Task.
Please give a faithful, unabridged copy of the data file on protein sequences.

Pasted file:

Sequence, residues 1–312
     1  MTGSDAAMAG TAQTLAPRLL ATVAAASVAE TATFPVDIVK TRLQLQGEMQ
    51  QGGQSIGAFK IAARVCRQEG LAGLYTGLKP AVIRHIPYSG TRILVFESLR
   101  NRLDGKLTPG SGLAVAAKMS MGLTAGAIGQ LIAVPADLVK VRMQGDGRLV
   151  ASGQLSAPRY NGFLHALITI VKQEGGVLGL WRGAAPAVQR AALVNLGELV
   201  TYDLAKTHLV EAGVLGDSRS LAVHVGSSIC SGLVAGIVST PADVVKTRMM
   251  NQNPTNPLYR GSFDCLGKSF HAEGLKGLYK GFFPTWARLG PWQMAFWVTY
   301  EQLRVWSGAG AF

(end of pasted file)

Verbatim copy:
Sequence, residues 1–312
     1  MTGSDAAMAG TAQTLAPRLL ATVAAASVAE TATFPVDIVK TRLQLQGEMQ
    51  QGGQSIGAFK IAARVCRQEG LAGLYTGLKP AVIRHIPYSG TRILVFESLR
   101  NRLDGKLTPG SGLAVAAKMS MGLTAGAIGQ LIAVPADLVK VRMQGDGRLV
   151  ASGQLSAPRY NGFLHALITI VKQEGGVLGL WRGAAPAVQR AALVNLGELV
   201  TYDLAKTHLV EAGVLGDSRS LAVHVGSSIC SGLVAGIVST PADVVKTRMM
   251  NQNPTNPLYR GSFDCLGKSF HAEGLKGLYK GFFPTWARLG PWQMAFWVTY
   301  EQLRVWSGAG AF